NBA PM: Better Legacy – Iverson or McGrady?
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This week, two of the league’s biggest stars since the late 1990′s in Tracy McGrady and Allen Iverson officially announced their retirement. It was really more of a technicality than anything since both are years removed from their productive days, but it does allow us to now take a complete look at their careers and see how they stack up to each other.
Before we get more in depth, let’s take a quick look at their career highlights.
- 11x All-Star (2 MVPs)
- 2000-01 Most Valuable Player
- 2001 NBA Finals appearance
- 3x 1st team all-NBA selection (3x 2nd team, 1x 3rd)
- 18th in career points (19,906)
- 4x scoring champion (1998-99 – 26.8 ppg, 2000-01 – 31.1, 2001-02 – 31.4, 2004-05 – 30.7)
- 12th all-time in free throws made (6,375)
- 13th all-time in total steals (1,983)
- 9th all-time in career steals per game average (2.2)
- 6th all-time in career points per game average (26.7)
- Played in 972 games (901 regular season, 71 postseason) in 14 years
- 7x All-Star
- 2000-01 Most Improve Player
- 2x 1st team all-NBA selection (3x 2nd team, 2x 3rd)
- 60th in career points (18,381)
- 28th in career PER (22.1)
- 2x scoring champion (2002-03 – 32.1 ppg, 2003-04 28)
- 2013 NBA Finals appearance
- Played in 753 games (703 regular season, 50 postseason) in 16 years
Iverson: Started Strong, Finished Dreadfully
The moment Iverson stepped foot on an NBA court, he was a star. As a rookie he averaged 23.5 points, 4.1 rebounds and 7.5 assists. Small in stature but with a heart that was as big as anyone’s to ever play the game, Iverson was easy to relate to and root for. He may not have played the game in a traditional fashion, but he was as enjoyable to watch as he was explosive offensively.
To paint a rosy picture of his time in the NBA and make him out to be this model idol for the youth, which he was anyway for better or worse, would be inaccurate, though.
As passionate and enthusiastic as Iverson was on the court, he was equally hard to play with and coach. For a guy who averaged six assists for his career, he’ll always be associated with the term ball-dominant. The 76ers were never able to build on what their Finals appearance in 2001; stuck in mediocrity and unable to get past the second round again, they traded Iverson to the Denver Nuggets during the 2006-07 season.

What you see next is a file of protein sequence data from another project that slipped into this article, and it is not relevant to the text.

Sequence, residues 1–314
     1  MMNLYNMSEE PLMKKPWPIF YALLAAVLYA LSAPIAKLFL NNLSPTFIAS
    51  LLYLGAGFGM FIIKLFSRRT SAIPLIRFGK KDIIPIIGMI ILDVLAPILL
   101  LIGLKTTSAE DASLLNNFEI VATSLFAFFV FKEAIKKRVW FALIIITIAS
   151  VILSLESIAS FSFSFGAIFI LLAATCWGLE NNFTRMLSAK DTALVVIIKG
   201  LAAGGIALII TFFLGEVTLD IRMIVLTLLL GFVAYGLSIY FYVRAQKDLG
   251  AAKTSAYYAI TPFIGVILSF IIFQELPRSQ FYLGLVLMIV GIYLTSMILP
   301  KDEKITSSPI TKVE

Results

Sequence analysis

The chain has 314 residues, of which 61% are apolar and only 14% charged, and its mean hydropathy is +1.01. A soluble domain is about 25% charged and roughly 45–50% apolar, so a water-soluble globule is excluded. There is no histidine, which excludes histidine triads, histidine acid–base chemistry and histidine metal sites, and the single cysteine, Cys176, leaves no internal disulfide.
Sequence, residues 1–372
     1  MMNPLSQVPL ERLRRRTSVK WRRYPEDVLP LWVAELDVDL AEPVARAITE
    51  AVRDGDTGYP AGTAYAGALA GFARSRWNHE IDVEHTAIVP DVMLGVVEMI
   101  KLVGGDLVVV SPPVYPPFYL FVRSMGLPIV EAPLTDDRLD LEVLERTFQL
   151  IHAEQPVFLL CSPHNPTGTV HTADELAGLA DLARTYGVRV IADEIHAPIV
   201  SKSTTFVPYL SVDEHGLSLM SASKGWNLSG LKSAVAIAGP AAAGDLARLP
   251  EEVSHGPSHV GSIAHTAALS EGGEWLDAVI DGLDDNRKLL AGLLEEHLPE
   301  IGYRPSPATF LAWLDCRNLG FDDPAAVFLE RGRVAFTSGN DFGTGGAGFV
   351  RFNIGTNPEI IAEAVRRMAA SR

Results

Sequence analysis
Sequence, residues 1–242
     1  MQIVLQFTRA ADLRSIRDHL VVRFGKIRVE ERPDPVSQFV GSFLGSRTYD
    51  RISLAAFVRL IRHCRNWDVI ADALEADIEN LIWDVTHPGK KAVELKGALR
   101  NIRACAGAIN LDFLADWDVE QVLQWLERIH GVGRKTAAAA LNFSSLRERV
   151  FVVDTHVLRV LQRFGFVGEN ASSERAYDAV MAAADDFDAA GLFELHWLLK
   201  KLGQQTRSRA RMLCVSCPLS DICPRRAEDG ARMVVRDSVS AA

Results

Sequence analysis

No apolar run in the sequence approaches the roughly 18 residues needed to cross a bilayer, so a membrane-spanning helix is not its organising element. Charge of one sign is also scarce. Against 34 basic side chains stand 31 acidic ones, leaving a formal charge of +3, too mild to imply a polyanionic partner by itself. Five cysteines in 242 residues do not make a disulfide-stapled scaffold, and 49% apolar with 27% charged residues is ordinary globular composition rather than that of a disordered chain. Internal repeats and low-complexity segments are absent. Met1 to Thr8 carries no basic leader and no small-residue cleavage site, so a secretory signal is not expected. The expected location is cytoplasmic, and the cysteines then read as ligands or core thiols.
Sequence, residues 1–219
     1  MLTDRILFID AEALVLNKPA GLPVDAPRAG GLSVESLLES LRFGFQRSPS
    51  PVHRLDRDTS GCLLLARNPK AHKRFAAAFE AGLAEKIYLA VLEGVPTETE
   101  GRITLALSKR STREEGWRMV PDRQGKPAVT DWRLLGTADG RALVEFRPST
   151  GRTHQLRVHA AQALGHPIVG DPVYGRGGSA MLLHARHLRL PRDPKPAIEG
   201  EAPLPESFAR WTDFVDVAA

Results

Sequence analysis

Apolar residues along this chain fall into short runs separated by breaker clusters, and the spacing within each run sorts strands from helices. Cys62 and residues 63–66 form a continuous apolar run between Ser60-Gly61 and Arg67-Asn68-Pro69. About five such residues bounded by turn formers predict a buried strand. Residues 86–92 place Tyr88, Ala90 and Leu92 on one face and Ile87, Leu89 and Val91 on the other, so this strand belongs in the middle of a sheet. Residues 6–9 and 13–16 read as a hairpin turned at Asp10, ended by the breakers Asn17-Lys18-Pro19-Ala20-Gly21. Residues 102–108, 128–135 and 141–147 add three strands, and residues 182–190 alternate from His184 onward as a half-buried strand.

Iverson proved that he still had plenty in the tank with the Nuggets, but they won just one playoff game with him in two years. Upon trading him to the Detroit Pistons midseason in 2008-09, they made a run to the Western Conference Finals.
That signified a crossroad in Iverson’s career. That was the point where no team was willing to use him as a number one option.
The Memphis Grizzlies brought him in the following season in hopes of using him in short spurts for some instant offense, but Iverson loathed the role. He hated not being a featured option and watching more than he played. So the relationship between the two was short, three games to be exact.
Iverson went on to re-join the 76ers in hopes of recapturing his stardom, but it just didn’t happen. The 76ers were ready to move on at season’s end, as was the rest of the league.
There’s no telling what Iverson would have been able to accomplish over the last four years had he been willing to adjust properly to his decline and accept a smaller role. He could have been a fine sixth man, but that just wasn’t something he was open to. His confidence and aggressiveness were two traits that made him great early in his career, but by the end of it they were an even bigger part of his undoing.
McGrady: Marred by Injuries, Early Playoff Exits
Unlike Iverson, McGrady grew into his stardom at a little bit of a slower pace. He had a small role with the Toronto Raptors his first two years in the league before exploding in his third. By the time his fourth year came around, he had a team to call his own in the Orlando Magic, and he proved to be every bit worth the honor.